Increasingly, knowing movies means tracking a movie’s gross receipts, predominately opening weekend. Beyond a fun set of trivia (What movie grossed the highest box office worldwide? Avatar. What movie grossed the highest box office domestically adjusted for inflation? Gone With the Wind.) opening weekend box office receipts help predict if a movie is economically successful (What’s the movie’s multiplier?), going to get a sequel (Did it make more than its budget?), connecting with its audience (What was its CinemaScore?), in summation: worthy. I cannot call myself a cinephile and be ignorant of the box-office, the box-office is the driving force of cinema!
Box Office Tracking
Or, rather, the driving economic force of cinema. A. O. Scott’s lament is the box office discussion is the only discussion: “Any further discussion — say about whether it’s a good movie or not — sounds quaint, old-fashioned, passé. Get a clue, grandpa.” It’s a trap easily set. The press covers movie grosses like covering a horserace, as the measurement of success. Higher volume of money = better. Faster to set dollar amounts = better. Longer in theaters = better. Marketing spins the economic success of a movie (“The #1 Movie in America!”) as a direct result of being enjoyable.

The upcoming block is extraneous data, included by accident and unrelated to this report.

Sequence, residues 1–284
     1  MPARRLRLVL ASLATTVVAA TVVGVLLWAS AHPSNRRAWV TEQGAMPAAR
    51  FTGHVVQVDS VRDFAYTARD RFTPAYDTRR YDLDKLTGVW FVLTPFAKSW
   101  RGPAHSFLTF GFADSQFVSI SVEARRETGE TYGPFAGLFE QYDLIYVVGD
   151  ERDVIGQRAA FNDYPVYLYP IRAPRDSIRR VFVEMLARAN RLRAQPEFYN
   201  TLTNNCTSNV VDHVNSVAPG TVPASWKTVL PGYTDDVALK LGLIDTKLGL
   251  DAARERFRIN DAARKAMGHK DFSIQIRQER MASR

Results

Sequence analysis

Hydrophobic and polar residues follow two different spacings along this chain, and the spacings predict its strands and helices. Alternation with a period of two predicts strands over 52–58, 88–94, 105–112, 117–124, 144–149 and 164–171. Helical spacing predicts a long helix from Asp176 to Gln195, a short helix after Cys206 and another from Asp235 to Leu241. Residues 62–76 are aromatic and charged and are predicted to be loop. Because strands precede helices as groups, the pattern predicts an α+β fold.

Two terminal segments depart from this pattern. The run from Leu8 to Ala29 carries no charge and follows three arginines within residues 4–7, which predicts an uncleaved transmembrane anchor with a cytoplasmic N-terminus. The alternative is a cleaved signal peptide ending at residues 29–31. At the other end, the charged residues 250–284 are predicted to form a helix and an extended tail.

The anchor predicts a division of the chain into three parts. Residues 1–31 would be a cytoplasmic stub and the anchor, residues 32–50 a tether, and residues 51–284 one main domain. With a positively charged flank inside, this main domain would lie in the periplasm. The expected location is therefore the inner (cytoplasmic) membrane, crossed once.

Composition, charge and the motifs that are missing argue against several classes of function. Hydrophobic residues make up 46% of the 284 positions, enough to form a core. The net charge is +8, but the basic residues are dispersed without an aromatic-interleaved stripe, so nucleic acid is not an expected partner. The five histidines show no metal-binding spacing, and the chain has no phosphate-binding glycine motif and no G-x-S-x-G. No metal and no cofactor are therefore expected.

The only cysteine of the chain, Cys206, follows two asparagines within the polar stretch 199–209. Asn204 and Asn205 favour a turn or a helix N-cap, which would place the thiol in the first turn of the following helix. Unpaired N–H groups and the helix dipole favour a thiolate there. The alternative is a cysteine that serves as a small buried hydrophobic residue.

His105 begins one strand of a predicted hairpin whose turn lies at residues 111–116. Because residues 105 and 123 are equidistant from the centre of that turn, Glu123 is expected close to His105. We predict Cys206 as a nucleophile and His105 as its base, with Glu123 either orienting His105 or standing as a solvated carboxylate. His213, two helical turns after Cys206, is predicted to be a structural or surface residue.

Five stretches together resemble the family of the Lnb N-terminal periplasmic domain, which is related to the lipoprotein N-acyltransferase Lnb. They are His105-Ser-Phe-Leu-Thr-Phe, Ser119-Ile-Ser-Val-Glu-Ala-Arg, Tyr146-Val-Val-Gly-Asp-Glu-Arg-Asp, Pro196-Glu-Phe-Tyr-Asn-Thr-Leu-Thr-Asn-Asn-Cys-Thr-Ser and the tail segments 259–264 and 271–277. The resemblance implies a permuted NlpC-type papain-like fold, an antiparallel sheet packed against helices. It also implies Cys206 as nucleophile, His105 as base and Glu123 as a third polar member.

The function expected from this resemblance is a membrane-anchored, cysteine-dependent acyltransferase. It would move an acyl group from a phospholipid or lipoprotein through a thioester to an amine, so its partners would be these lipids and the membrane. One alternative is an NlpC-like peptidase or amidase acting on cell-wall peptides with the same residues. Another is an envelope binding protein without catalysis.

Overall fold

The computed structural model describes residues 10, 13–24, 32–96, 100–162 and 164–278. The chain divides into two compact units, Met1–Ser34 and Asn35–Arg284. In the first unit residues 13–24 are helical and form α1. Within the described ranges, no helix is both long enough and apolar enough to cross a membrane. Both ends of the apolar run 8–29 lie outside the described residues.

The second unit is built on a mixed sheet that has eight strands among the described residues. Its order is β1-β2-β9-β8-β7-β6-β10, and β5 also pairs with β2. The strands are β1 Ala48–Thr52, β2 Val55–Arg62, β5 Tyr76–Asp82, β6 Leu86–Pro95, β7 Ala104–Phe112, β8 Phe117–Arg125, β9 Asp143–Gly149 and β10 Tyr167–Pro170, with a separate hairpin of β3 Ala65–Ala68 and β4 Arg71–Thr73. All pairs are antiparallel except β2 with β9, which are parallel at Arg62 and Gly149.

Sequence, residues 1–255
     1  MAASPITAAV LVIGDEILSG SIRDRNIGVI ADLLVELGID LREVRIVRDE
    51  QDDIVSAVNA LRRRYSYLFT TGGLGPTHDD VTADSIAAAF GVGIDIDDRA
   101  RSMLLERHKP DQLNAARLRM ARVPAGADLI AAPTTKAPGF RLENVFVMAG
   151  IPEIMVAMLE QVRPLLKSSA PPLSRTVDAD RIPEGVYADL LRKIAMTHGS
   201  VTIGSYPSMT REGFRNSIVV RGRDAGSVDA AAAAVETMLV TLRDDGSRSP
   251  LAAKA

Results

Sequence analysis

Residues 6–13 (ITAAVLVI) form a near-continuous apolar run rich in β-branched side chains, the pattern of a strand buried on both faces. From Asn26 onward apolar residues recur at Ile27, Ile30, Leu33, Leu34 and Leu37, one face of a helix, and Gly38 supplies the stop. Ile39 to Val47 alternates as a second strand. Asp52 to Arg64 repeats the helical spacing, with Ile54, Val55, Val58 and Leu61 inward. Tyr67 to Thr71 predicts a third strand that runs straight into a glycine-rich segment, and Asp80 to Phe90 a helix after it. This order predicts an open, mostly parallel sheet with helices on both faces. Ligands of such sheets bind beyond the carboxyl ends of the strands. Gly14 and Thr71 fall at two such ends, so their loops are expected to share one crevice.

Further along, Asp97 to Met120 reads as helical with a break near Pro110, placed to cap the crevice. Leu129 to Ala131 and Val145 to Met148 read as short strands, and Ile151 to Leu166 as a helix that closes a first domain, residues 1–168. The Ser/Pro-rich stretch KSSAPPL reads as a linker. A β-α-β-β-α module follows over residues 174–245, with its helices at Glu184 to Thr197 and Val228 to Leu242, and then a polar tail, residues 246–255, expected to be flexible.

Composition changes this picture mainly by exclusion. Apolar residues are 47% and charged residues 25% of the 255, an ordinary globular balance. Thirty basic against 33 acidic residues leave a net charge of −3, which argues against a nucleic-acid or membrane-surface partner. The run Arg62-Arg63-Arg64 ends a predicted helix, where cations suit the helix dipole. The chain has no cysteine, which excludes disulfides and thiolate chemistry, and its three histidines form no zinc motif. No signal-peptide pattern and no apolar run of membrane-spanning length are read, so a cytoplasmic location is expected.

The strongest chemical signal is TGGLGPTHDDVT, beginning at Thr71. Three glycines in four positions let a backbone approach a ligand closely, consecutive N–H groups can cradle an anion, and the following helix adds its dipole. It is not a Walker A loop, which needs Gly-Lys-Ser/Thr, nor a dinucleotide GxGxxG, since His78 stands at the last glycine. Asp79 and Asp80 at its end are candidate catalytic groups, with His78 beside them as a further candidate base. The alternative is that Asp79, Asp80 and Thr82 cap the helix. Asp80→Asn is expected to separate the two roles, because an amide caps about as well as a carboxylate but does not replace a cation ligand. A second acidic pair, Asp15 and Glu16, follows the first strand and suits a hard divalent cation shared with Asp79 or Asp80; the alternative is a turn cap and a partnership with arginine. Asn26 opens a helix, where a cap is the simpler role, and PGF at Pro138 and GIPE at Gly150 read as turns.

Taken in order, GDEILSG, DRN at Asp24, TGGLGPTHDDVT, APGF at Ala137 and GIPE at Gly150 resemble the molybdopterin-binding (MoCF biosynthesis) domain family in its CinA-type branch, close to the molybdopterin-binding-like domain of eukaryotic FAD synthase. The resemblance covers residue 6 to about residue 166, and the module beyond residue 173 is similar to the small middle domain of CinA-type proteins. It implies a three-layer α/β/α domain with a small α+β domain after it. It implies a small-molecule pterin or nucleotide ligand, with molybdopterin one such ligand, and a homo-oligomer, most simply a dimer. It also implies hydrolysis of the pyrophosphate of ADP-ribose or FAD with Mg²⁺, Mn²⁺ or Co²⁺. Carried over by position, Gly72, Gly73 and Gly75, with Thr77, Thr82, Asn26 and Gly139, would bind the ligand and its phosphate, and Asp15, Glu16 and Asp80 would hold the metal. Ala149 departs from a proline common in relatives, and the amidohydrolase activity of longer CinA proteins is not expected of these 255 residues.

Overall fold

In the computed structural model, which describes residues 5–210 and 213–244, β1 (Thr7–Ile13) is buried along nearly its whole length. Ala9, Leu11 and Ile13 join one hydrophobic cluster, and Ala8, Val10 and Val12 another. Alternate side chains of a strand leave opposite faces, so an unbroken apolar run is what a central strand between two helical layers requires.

The substitution of box office gross as a shorthand for quality is willed into truth by the economics of movie-making. Studio film profits are heavily weighted to early box office receipts with most of opening weekend ticket prices go to the studio(s)/distributor(s) and theaters sharing the profits as a movie ages. Fragmented media and always streamable content makes seizing the zeitgeist more important across pop entertainment. If a movie is not a hit on opening, it better be seeking an Oscar bump or become a hit internationally or the studio(s) will be taking a write down.
Trailer Baited Trap